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Lifehack Digest for January 10

Lifehack Digest for January 10
  • Note taking made easy
    Hack Your Day gives a pretty thorough review of Übernote, a new online note-taking service. I’ve been meaning to have a closer look at this one for you, but now I don’t have to — Hack Your Da has doe a good job of explaining the finer points.
    Tags: web-apps notes
  • Spiritual Development for 9 to 5’ers
    A new-ish blog for “Everyday people” with a yearning to add a little spirituaity to their lives. Not for everyone, but fyou’re looking for some deeper meaning in your life, this might be a good plce to start.
    Tags: spirituality development
  • 33 Reasons to Start a Blog
    Like the title says, 33 pretty good reasons to start blogging. Ranges from giving something back to your community to learning to write better (which as far as I’m concerned is a form of giving back in itself) to exercising your freedom of speech.
    Tags: blogging writing
  • Stop Planning: 50 Ways to Improve Your Finances Today
    Fifty basic, immediately doable things you can do today to help put your financial situation in order. Ranges from writing an article for a trade magazine in your field to cancelling subscriptions for services you don’t se to opening a Roth IRA.
    Tags: finance money action
  • Time Zones and Daylight Savings Time
    Useful tool for comparing the time difference between any two places in the world. Takes into account daylight savings time differences, as different places start and end it at different times of the year — and some places don’t observe it at all.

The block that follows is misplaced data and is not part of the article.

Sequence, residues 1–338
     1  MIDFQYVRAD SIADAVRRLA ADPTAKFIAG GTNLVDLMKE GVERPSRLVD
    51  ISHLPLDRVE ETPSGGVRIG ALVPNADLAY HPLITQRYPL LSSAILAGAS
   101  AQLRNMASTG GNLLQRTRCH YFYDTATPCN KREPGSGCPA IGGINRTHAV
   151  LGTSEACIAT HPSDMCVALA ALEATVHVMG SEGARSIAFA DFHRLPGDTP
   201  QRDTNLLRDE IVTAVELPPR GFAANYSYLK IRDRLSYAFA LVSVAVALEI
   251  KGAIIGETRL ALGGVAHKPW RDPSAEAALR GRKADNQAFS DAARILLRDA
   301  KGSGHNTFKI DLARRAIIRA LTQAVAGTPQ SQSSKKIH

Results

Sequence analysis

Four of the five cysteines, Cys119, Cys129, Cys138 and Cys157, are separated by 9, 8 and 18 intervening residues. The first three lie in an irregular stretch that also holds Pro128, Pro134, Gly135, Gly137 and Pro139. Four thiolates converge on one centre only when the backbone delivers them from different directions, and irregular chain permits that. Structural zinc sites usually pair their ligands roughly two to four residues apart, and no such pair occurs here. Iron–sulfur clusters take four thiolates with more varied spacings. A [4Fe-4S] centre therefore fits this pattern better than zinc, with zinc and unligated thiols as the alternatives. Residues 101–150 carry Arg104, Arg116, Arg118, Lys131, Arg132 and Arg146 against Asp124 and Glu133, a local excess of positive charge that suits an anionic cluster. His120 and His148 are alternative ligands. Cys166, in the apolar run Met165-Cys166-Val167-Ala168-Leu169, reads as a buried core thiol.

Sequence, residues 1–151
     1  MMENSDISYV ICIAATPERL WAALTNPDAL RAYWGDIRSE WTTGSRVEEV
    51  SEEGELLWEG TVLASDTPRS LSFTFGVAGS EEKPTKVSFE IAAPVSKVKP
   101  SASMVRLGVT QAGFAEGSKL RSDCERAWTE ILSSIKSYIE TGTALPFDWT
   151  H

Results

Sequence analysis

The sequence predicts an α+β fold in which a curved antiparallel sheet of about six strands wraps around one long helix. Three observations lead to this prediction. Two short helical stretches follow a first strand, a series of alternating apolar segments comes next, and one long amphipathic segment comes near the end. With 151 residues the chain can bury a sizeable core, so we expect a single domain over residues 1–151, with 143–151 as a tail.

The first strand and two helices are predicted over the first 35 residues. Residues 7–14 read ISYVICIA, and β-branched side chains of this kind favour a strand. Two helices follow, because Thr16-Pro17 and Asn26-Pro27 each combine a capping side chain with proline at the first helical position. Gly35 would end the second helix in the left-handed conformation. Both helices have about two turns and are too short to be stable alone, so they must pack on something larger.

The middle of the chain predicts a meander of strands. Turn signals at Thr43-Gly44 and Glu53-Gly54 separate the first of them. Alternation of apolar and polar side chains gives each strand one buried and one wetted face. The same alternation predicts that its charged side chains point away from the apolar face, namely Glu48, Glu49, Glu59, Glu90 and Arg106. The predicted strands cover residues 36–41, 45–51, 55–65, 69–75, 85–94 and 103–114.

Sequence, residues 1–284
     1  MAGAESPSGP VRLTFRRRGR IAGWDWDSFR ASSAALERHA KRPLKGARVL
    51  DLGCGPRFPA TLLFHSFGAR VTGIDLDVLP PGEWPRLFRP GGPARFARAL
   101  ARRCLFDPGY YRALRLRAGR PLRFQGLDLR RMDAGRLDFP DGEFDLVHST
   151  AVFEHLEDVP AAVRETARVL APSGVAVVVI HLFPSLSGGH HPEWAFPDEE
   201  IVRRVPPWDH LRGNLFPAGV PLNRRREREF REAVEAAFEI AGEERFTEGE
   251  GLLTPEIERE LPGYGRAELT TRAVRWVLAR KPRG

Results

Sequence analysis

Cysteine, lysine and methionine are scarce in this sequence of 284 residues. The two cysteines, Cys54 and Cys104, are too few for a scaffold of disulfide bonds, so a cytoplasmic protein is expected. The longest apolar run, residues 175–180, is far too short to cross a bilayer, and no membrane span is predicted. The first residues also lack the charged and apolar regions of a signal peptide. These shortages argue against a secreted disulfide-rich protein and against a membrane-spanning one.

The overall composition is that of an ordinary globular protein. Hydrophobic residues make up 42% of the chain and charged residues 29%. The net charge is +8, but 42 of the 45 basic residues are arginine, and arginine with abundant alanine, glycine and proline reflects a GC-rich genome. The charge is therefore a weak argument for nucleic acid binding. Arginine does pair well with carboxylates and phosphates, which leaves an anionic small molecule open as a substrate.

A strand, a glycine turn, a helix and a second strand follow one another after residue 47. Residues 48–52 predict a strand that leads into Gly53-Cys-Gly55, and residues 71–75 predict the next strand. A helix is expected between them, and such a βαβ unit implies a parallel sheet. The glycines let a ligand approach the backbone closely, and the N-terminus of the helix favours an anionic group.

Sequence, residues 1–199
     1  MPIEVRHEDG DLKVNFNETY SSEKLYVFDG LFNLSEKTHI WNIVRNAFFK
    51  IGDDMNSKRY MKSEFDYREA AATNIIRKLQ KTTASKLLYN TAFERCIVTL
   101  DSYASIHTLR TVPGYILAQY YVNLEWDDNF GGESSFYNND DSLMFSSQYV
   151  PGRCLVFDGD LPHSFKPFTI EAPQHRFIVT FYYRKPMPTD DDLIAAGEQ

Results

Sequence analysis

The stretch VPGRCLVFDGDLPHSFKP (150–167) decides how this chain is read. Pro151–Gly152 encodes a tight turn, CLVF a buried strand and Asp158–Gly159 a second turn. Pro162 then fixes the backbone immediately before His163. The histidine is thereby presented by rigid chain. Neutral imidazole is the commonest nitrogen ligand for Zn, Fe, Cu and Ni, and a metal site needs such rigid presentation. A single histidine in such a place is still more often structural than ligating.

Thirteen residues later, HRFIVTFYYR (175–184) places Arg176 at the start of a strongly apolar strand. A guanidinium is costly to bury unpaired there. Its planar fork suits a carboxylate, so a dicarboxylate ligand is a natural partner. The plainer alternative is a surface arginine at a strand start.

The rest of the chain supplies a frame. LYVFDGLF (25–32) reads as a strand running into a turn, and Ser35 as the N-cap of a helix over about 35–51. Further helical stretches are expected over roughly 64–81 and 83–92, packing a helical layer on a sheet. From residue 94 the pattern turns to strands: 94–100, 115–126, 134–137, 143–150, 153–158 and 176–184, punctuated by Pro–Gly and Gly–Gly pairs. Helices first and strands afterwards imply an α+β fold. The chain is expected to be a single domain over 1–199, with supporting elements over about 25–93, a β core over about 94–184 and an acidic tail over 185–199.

Tags: time daylight_savings_time

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1 How to Write a Personal Mission Statement to Ensure Peak Productivity 2 How Setting Personal Goals Makes You a Greater Achiever 3 Book summary: A Technique for Producing Ideas 4 Book Summary: The Power of Habit in 2 Minutes 5 1 Minute Book Summary: 59 Seconds

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Last Updated on October 9, 2018

How to Write a Personal Mission Statement to Ensure Peak Productivity

How to Write a Personal Mission Statement to Ensure Peak Productivity

Most of you made personal, one sentence resolutions like “I want to lose weight” or “I vow to go back to school.” It is a tradition to start the New Year with things you want to achieve, but under the influence resolutions are often unrealistic.

If you’re wondering when will be a good time to write a mission statement, NOW is the time to take a personal inventory to make this year your most productive year ever. You may be asking yourself, “How am I going to do that?” You, my friends, are going to write personal mission statements.

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A large number of corporations use mission statements to define the purpose of the company’s existence. Sony wants to “become the company most known for changing the worldwide poor-quality image of Japanese products” and 3M wants “to solve unsolved problems innovatively”. A personal mission statement is different than a corporate mission statement, but the fundamentals are the same.